Race Ratings: Breakdown of Granite State Races
Just as New Hampshire is at the center of the battle to win the White House, the Granite State will be consequential to the size of the House majority in 2013.
There is no Senate race on the ballot this year, but both of the state’s House seats are in play, and the contests are expected to see a flood of outside money and interest this fall. Insiders in both parties say their presidential candidate gives their House candidates a distinct edge downballot.
Presumptive GOP presidential nominee Mitt Romney has campaigned in the Granite State for nearly five years and is a former governor of neighboring Massachusetts. However, President Barack Obama won the state in 2008 by 9 points, and state Democrats continue to proudly display his image on the party website.
New Hampshire’s two Republican incumbents face rematches from 2010, which turned into a political bloodbath for Democrats because of the national GOP wave. Rep. Frank Guinta has a somewhat easier path to re-election than Rep. Charles Bass, who was swept out of Congress in the 2006 wave and then rode the tide back last cycle. But the two Members’ electoral fates may well be tied together if history repeats itself.
New Hampshire has sent two Members of the same party to Congress nearly every term for two decades. Given that historical context, it is hard to see how Republicans hold one seat while the other goes Democratic.
Still, it could happen and party operatives stress that the two races have key differences.
Democrats insist the state is trending their way and that 2010 was an anomaly. They also say the Republican-led state Legislature has overreached on social issues and the blowback will benefit Democrats Ann McLane Kuster and Carol Shea-Porter. If Democrats sweep the seats, New Hampshire will have the first all-female delegation in American history and possibly a female governor as well.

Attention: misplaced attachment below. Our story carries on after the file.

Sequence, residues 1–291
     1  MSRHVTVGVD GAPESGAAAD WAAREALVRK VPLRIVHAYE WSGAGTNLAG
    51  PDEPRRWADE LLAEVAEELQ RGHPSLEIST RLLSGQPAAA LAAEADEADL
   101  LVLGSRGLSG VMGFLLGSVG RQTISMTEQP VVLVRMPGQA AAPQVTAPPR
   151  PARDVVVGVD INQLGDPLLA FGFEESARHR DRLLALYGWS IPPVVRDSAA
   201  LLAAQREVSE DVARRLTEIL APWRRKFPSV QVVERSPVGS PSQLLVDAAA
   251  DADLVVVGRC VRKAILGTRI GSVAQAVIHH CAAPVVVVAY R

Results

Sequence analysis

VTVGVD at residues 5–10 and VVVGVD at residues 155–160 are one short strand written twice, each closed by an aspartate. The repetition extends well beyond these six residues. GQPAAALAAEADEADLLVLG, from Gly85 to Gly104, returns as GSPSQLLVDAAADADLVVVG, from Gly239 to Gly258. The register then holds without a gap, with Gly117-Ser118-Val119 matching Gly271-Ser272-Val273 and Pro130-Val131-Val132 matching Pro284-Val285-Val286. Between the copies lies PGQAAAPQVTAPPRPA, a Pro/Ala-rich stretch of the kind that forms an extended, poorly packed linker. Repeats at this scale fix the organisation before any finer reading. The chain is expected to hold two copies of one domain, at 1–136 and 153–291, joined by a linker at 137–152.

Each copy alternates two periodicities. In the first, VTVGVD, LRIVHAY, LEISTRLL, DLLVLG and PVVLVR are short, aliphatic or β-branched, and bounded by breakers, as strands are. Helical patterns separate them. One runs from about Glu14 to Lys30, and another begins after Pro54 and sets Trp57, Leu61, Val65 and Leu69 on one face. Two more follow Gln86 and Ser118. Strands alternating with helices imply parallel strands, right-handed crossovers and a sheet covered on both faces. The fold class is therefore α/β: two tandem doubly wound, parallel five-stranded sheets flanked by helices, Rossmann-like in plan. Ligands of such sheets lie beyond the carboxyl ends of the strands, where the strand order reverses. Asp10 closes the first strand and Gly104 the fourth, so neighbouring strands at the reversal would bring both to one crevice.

The rematch scenarios will be an interesting barometer of whether New Hampshire is trending one direction or the other.
Incumbent: Frank Guinta (R)
1st term (54 percent)
Rating: Leans Republican
Most, but not all, New Hampshire political insiders believe this will be the easier seat for the GOP to hold. Guinta beat then-Rep. Carol Shea-Porter by a 12-point margin in 2010, and she is a perennially weak fundraiser. Republicans insist Shea-Porter is an ideal opponent. Because she’s a former Member, they have a voting record to mine, and they say she is too liberal for the district. The demographics of the 1st are better overall for Republicans, and it did not change a great deal in redistricting.
Still, Shea-Porter has EMILY’s List behind her, and Democrats are quick to tie Guinta to the tea party — a label that has grown stale in the Northeast over the past cycle. Democrats say she has moderated her tone, has high name identification and fits the district on a local level.
Democrats seem bullish about Shea-Porter’s prospects, but the fact remains that she was never a particularly strong candidate. She was swept into and out of office during national waves.
For now, the fundamentals of the race favor Guinta. Several factors could change this, most notably if President Barack Obama is able to carry New Hampshire by a sizable margin.
Incumbent: Charles Bass (R)
1st term (48 percent); previously served six terms
Democrats have high hopes for Ann McLane Kuster — and not just for the fall. She is perceived as a “future rock star” in the party among progressives.
It was widely assumed among the party faithful that she was going to win what was then an open seat in 2010, but she came up just short because of the Republican winds that prevailed across the country. Democrats repeatedly said the strength of now-Sen. Kelly Ayotte (R) — and the fact that the 2010 Senate race was a blowout — doomed Kuster. They call Bass’ victory a fluke.
Plans for 2012 were put in motion almost as soon as the 2010 results became final, with Kuster lining up for a rematch with Bass.
Republicans acknowledge that Bass has some weaknesses. He lobbied the state Legislature to come up with a new map that made his district more friendly to Republicans, but only small changes were made. GOP insiders say he is working hard to hold onto his seat and is taking nothing for granted. They are also pleased that he has been able to keep pace of late with Kuster’s powerhouse fundraising.
Democrats will try to tie Bass to the tea party as well. Republicans say he has unquestionable moderate credentials and high name identification and is capable of holding the district. Similar to the 1st district race, the presidential campaign will also come into play, but the early strength of Kuster’s campaign is undeniable.
As it stands, this race is a Tossup, but Kuster is running an energetic and hungry campaign, and it may become clear before the fall that the rating here should shift to Leans Democratic.